But the piece de resistance of the C5’s new structure was its hydroformed frame. The first mass-produced automotive application of hydroforming was for the instrument panel support beam in a 1990 Chrysler minivan. The 1997 C5 Corvette was the first mass-produced automobile to use this manufacturing technique on a major structural component. The frames of all previous Corvettes were made from sheet steel, bent to form a box section. The box sections were then welded together to form the side rails and crossmembers. Hydroforming creates complex shapes that are stronger, lighter and more rigid. After engineers designed the shape of the C5’s framerails, sheet steel was rolled into a tube, laser-welded, and bent into the basic shape of the framerail. The shaped tube was then placed inside a form and sealed. Water was then pumped into the tube at 7,000 psi that inflated the steel into the final shape. The finished side rail was one, 13-foot-long piece instead of many boxed pieces all welded together. The crossmembers and attachment brackets, (32 pieces in total) were welded by robotic and human welders. Convertibles have 33 parts, one extra for the tonneau cover latch.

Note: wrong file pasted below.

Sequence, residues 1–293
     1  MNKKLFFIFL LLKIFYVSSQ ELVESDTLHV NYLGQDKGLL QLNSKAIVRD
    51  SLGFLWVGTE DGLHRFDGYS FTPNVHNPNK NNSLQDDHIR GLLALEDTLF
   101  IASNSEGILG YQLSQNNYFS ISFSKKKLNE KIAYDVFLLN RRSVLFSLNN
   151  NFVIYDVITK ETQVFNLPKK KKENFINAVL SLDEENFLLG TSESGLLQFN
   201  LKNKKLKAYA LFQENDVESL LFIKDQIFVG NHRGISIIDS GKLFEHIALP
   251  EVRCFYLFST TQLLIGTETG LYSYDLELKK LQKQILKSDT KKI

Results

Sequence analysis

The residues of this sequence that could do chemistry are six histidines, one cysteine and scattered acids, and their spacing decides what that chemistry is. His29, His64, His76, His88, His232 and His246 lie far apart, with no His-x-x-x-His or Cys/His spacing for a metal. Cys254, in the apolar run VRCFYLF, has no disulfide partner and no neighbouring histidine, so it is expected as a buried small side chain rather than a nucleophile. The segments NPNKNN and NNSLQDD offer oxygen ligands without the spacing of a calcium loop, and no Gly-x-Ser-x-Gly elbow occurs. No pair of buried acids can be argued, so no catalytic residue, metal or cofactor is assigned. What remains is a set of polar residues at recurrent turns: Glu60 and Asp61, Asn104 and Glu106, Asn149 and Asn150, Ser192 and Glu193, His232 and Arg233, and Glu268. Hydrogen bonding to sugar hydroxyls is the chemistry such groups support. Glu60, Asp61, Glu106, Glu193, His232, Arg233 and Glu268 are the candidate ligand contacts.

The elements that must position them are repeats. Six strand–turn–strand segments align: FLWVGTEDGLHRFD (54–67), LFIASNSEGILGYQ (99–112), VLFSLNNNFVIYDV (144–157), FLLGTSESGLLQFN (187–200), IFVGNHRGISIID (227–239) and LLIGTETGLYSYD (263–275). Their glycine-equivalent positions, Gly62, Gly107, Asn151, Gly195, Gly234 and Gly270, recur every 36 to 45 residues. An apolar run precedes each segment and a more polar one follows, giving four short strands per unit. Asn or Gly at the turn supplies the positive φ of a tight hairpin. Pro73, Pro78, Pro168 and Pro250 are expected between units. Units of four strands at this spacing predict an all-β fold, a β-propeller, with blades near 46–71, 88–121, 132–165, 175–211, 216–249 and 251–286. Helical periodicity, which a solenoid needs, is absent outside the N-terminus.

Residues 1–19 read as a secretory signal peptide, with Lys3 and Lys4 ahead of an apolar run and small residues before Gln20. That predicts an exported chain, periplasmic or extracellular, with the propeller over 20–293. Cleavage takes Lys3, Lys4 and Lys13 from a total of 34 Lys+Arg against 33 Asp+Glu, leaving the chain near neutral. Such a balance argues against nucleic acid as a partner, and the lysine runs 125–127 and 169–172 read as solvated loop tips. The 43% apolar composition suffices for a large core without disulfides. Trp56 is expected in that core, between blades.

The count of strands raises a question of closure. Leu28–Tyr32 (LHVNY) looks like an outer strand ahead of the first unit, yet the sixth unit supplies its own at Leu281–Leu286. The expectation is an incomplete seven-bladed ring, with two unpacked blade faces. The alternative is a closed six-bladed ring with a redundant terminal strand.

The second major structural component on the new C5 was the longitudinal center tunnel backbone. This kind of construction had up to then only been seen on exotic supercars and race cars. The center backbone creates the driveshaft tunnel and locks the front and rear of the frame together. The C4 designers had a long driveline support torque bar that bolted to the end of the transmission and the differential, whereas the designers of the C5 created an enclosed torque tube that bolted to the back of the bellhousing and the front of the transaxle, with a lightweight Metal Matrix Composite (MMC) driveshaft. The torque tube that connects the engine with the transaxle was then bolted to the frame. Combined with the center backbone, the C5’s chassis structure is four times stiffer than the C4. This was an amazing accomplishment for a mass-produced sports car.